Construction comes to downtown Champaign

Construction comes to downtown Champaign

CHAMPAIGN — Two massive construction projects in downtown Champaign are getting under way this week.

Preparations are being made for demolition of the YG Financial building, 115 W. Church St., to help make room for the new Hyatt Place Hotel at the southwest corner of Church and Neil streets.

Two-and-a-half blocks to the west, work on the new Eden Supportive Living facility is about to gear up, with a ground-breaking ceremony scheduled for 1:30 p.m. Tuesday.

Hyatt Place has been billed as a $26 million project, while construction costs for the supportive-living center are expected to be about $15 million. The latter figure does not include land acquisition costs or professional fees.

The nine-story hotel — to be built on the site of the Metropolitan Building, which was destroyed by fire in 2008 — is expected to have 145 rooms.

The hotel will have parking on its second through fourth floors, with guest rooms on the fifth through ninth floors. It has been projected to open in August 2013.

Hotel developer Hans Grotelueschen recently moved YG Financial's offices to the Blue Line Station building at 804 N. Neil St., C, so demolition of the Church Street building could begin.

For the next few days, Neil Street between Church and Park streets is scheduled to be closed for installation of a sewer line and replacement of a manhole — with that work prompted by construction of the new hotel.

Meanwhile, Eden Supportive Living plans to make use of the former Howard Johnson motel at 222 N. State St., and add stories atop it, as well as a tower to the north.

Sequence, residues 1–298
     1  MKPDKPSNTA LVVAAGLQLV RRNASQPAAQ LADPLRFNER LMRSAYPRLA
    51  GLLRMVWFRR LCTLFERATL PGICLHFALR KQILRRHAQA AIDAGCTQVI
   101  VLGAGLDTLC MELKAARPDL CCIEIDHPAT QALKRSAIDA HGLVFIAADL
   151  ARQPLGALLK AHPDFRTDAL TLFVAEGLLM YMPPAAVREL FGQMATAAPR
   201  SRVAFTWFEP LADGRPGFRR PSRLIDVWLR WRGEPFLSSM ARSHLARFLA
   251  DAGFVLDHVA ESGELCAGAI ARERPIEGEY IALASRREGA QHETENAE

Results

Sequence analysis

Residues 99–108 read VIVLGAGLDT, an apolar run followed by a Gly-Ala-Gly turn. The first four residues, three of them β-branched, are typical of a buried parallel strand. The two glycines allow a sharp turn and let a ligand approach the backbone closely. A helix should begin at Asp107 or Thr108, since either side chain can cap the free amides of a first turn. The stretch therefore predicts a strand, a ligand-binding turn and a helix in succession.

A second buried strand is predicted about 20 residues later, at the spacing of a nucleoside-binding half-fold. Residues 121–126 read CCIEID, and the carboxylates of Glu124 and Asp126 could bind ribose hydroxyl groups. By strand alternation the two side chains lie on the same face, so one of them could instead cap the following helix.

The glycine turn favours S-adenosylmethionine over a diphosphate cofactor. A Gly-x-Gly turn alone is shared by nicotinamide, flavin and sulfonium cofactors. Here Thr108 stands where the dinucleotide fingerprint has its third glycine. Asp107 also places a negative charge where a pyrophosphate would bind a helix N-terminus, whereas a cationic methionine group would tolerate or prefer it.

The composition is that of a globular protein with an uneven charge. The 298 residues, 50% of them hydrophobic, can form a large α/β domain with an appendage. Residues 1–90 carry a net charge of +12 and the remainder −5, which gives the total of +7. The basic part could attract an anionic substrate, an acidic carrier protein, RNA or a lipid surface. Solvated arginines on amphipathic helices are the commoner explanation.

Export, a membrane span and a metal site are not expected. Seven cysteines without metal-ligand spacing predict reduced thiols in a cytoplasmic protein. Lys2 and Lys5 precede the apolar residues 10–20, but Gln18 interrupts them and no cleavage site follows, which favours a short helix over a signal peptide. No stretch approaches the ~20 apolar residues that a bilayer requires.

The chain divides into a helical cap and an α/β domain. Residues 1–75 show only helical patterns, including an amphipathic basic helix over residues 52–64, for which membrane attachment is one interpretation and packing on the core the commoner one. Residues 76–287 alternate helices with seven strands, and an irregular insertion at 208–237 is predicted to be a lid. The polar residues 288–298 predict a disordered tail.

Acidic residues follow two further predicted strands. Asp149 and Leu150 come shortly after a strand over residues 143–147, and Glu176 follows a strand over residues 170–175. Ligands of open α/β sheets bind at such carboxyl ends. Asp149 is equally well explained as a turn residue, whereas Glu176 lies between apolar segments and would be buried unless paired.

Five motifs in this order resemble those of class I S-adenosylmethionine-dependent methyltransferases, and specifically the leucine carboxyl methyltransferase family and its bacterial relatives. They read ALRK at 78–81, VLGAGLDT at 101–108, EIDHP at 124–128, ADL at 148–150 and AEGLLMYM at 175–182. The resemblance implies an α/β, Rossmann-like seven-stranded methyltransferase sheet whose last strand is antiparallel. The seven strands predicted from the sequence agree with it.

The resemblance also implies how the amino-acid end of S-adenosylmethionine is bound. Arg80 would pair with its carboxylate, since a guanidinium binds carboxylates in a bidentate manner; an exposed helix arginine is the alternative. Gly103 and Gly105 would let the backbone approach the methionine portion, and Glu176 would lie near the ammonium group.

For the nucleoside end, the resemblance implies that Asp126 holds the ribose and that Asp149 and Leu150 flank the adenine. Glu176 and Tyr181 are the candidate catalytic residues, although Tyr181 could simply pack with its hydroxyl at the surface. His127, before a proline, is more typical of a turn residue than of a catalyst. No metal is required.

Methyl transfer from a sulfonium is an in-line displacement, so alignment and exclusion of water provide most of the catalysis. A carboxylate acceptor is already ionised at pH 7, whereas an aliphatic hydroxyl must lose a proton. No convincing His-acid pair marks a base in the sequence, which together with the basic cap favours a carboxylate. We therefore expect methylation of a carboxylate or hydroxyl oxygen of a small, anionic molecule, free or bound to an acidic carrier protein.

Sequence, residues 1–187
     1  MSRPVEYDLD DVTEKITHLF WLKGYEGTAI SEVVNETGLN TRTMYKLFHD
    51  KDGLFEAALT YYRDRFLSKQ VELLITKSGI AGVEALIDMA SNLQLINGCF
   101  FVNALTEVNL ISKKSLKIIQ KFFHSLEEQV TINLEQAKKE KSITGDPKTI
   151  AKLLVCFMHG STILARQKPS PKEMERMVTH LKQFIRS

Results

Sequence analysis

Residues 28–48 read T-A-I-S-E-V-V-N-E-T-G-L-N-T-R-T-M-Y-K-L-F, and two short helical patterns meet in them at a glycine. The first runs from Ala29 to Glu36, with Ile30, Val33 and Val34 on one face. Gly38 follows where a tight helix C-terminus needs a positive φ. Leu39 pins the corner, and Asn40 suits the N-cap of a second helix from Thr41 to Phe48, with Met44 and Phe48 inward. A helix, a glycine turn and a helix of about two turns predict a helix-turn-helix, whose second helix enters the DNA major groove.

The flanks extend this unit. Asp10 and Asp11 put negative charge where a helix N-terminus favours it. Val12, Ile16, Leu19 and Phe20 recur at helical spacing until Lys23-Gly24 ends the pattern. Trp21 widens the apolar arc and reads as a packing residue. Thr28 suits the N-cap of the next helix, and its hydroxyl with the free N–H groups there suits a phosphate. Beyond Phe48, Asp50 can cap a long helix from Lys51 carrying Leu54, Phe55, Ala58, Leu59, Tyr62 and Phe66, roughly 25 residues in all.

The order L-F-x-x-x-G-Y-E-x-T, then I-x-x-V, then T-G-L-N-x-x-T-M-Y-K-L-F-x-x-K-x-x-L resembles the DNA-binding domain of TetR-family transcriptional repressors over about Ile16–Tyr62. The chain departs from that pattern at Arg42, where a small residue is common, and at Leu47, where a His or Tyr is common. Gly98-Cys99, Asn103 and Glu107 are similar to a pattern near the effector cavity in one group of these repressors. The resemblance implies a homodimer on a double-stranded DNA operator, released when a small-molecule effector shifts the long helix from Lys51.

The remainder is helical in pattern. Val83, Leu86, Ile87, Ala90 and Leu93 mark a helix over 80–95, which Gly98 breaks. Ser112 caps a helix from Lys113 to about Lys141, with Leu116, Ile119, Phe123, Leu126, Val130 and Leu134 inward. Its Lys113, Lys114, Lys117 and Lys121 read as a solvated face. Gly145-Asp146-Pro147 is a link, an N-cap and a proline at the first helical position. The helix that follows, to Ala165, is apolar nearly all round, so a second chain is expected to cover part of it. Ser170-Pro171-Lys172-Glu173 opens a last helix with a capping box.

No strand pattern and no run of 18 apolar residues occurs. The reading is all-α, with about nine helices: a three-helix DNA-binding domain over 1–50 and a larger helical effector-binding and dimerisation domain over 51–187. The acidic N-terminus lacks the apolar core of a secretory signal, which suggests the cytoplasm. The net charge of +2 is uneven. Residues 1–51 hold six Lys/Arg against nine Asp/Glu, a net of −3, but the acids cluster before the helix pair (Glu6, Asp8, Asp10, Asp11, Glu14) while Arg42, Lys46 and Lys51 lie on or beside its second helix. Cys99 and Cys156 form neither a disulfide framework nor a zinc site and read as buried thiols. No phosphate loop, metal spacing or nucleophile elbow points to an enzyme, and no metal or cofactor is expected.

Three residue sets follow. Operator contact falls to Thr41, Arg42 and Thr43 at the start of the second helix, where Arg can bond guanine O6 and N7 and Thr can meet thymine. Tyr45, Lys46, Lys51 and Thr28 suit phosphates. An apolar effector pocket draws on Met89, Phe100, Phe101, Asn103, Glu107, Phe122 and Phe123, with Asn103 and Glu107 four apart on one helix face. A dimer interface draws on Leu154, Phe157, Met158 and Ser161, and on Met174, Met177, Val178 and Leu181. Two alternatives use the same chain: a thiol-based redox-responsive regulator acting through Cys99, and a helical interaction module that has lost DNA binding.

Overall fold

The supportive-living facility will provide 150 apartments for people with physical disabilities, between the ages of 22 and 64. The building will have an eight-story waterfall, a yoga studio, recording studio, library and fitness center as well as a 24-hour support staff.

Like the hotel, the supportive-living facility is expected to open in August 2013, said Mike Hamblet, general counsel for Eden.

The project missed its original timetable as developers worked to nail down their last piece of financing. That involved tax credits and tax-free bonds made available through the Illinois Housing Development Authority, Hamblet said.

Hamblet said Eden is collecting names of people interested in living there, with the expectation those people will be contacted first when signups begin.

Eden already operates two other supportive-living facilities, one in North Aurora and the other in Chicago. The company hopes to open an assisted-living facility in Hinsdale in early October, Hamblet said.

At the Eden facility in Champaign, the charge for Medicaid-eligible residents is expected to be about $2,800 a month, with a portion of that for rent and the remainder for other services, such as meals, housekeeping, transportation and activities. The state and federal government covers some of the costs for Medicaid-eligible residents.

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